preamble

[ pree-am-buh l, pree-am- ]SEE DEFINITION OF preamble

Synonyms for preamble

MOST RELEVANT
Roget's 21st Century Thesaurus, Third Edition Copyright © 2013 by the Philip Lief Group.

EXAMPLES FROM THE WEB FOR PREAMBLE

As in the case of other laws, let us have a preamble, relating to all this class of crime.

The first four books are described by Plato himself as the preface or preamble.

Let this be the preamble of our laws; the strain will follow.

"This preamble does not promise well," said Lady Kilgoff, with a cold smile.

So he waited with a hope-lit serenity the preamble to the arrival of his—her—their child.

As a preamble La Signorina raised the inevitable veil to the rim of her hat.

Perhaps also there is very little use in making any preamble to what I have to tell.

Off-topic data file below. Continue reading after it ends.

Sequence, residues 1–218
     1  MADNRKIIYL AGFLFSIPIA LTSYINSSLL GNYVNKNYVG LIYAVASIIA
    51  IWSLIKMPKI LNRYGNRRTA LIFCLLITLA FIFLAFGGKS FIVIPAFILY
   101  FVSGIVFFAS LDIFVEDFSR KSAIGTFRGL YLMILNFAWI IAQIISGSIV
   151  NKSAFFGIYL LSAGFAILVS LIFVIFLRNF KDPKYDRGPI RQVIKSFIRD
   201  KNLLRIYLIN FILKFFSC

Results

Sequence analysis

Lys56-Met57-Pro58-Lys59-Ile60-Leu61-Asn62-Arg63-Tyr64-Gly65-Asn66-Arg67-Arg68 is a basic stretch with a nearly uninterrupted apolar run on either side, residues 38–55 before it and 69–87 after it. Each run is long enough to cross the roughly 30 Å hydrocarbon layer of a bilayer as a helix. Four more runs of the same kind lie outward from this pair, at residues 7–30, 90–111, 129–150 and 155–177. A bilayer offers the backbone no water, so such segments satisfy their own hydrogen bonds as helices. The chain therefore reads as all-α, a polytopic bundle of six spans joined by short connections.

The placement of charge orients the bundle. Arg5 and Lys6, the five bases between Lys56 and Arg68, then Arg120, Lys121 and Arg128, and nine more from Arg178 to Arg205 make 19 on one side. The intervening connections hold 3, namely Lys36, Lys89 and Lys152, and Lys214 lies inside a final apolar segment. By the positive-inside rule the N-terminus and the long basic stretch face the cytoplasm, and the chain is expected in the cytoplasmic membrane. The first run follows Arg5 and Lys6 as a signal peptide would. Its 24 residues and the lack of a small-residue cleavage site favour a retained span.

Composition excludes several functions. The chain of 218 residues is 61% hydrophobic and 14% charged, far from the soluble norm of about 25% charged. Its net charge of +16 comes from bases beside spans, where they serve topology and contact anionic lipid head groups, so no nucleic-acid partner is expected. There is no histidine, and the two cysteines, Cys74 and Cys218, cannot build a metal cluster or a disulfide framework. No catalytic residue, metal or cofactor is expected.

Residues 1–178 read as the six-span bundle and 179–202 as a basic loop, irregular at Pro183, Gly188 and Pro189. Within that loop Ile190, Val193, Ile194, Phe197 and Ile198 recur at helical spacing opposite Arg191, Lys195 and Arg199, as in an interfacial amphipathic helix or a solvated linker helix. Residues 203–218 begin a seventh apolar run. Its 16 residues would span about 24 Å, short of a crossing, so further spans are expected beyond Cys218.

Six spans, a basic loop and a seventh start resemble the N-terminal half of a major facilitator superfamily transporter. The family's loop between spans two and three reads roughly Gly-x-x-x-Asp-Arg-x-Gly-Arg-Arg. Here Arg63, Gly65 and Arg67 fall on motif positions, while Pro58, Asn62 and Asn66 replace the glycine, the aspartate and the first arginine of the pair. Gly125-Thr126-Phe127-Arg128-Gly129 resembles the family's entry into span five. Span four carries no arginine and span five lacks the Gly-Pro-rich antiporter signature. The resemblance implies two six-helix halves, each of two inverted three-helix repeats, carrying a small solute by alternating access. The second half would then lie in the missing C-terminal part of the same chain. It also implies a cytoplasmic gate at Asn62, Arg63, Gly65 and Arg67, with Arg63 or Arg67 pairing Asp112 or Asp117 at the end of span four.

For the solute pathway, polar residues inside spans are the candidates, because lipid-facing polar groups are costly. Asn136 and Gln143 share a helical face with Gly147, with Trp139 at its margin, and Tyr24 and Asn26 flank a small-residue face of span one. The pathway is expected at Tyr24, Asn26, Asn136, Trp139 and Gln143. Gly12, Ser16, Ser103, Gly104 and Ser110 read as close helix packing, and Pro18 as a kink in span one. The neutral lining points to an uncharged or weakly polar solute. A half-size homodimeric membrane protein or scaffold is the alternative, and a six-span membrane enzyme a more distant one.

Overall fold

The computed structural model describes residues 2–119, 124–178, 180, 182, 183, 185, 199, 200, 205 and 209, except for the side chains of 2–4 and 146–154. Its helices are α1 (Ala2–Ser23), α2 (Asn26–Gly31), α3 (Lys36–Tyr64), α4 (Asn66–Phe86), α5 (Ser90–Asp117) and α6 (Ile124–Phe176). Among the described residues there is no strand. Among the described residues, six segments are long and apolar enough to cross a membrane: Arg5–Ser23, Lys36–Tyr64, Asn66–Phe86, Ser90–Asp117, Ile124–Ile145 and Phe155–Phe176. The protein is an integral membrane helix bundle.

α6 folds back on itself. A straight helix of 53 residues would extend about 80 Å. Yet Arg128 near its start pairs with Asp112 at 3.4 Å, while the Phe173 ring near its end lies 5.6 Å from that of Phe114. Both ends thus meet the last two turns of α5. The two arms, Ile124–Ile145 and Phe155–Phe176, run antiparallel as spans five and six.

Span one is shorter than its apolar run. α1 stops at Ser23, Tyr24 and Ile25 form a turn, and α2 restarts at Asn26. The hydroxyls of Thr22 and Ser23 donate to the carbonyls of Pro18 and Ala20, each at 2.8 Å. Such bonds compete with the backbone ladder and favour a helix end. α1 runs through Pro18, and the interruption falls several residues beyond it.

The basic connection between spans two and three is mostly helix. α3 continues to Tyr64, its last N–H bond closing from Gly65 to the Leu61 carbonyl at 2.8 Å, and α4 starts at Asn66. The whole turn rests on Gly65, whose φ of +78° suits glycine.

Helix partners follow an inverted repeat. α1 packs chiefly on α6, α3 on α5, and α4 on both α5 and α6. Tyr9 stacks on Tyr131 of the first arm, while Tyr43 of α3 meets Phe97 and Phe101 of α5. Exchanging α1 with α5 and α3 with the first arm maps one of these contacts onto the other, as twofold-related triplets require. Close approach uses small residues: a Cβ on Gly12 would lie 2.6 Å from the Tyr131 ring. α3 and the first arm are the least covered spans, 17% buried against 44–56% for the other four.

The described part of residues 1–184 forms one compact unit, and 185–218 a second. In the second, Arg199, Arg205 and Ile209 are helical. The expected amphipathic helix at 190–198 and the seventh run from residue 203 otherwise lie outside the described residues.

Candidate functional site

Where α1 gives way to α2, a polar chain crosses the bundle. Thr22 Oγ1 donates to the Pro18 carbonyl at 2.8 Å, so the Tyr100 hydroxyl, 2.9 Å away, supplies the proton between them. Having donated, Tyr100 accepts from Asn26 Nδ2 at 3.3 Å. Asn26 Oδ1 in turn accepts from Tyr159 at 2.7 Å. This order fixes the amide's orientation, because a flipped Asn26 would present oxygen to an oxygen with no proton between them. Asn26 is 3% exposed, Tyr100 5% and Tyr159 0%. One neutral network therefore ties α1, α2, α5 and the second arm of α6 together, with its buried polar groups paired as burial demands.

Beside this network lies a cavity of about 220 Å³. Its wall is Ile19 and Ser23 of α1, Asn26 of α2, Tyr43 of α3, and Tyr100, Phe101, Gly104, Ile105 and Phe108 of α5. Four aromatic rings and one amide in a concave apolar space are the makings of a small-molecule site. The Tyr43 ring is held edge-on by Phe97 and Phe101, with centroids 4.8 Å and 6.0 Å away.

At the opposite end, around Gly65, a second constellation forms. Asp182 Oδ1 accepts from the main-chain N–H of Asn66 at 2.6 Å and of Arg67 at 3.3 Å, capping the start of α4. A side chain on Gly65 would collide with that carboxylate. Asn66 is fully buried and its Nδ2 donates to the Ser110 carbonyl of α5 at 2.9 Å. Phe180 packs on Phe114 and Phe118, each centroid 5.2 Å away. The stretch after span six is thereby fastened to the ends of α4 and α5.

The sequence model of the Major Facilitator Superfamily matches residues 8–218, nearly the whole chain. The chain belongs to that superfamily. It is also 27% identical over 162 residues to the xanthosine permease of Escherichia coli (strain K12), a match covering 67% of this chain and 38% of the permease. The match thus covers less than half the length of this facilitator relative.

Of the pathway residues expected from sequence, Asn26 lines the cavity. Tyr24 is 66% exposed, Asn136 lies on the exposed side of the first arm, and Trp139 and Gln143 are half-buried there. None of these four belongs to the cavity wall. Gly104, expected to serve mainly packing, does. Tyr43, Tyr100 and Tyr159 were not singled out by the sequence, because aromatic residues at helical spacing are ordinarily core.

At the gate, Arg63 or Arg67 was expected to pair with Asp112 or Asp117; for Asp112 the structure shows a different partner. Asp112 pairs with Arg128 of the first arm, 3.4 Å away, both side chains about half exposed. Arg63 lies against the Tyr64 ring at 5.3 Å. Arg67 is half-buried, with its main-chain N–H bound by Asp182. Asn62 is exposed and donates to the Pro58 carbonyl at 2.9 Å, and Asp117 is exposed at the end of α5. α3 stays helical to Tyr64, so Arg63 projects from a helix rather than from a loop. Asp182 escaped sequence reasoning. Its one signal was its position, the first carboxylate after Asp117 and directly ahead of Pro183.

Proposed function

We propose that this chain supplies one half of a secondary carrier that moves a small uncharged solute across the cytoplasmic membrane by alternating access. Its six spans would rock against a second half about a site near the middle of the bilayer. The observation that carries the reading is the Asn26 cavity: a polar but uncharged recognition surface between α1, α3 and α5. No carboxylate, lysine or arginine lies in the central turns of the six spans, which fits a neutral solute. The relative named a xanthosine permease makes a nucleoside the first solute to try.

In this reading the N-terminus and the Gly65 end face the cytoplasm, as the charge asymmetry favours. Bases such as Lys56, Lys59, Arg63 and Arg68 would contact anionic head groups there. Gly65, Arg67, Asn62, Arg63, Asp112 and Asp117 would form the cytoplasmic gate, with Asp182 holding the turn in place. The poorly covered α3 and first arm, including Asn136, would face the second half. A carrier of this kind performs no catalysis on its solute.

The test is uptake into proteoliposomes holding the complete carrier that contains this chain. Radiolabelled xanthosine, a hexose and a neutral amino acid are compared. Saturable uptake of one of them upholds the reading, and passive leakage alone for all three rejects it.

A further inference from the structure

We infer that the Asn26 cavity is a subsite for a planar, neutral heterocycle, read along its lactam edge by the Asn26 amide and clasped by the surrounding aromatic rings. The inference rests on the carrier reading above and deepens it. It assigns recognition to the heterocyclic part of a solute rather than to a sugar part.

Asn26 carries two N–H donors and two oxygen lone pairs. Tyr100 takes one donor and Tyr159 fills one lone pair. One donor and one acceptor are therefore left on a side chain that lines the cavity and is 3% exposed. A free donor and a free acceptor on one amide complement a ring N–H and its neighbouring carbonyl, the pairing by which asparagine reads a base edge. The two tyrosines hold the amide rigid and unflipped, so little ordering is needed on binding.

You would not understand the preamble, so I will tell it in plain words.

Shouldn't wonder, as I'm afraid from your preamble it is nothing I care to hear.

"Yes, we will," exclaimed his auditors, their curiosity aroused by this preamble.

WORD ORIGIN

late 14c., from Old French preambule (13c.) and directly from Medieval Latin preambulum, neuter adjective used as a noun, properly "preliminary," from Late Latin praeambulus "walking before," from Latin prae- "before" (see pre-) + ambulare "to walk" (see amble (v.)).

MORE RELATED WORDS FOR PREAMBLE

briefing

nounpreparation by informing of facts
Roget's 21st Century Thesaurus, Third Edition Copyright © 2013 by the Philip Lief Group.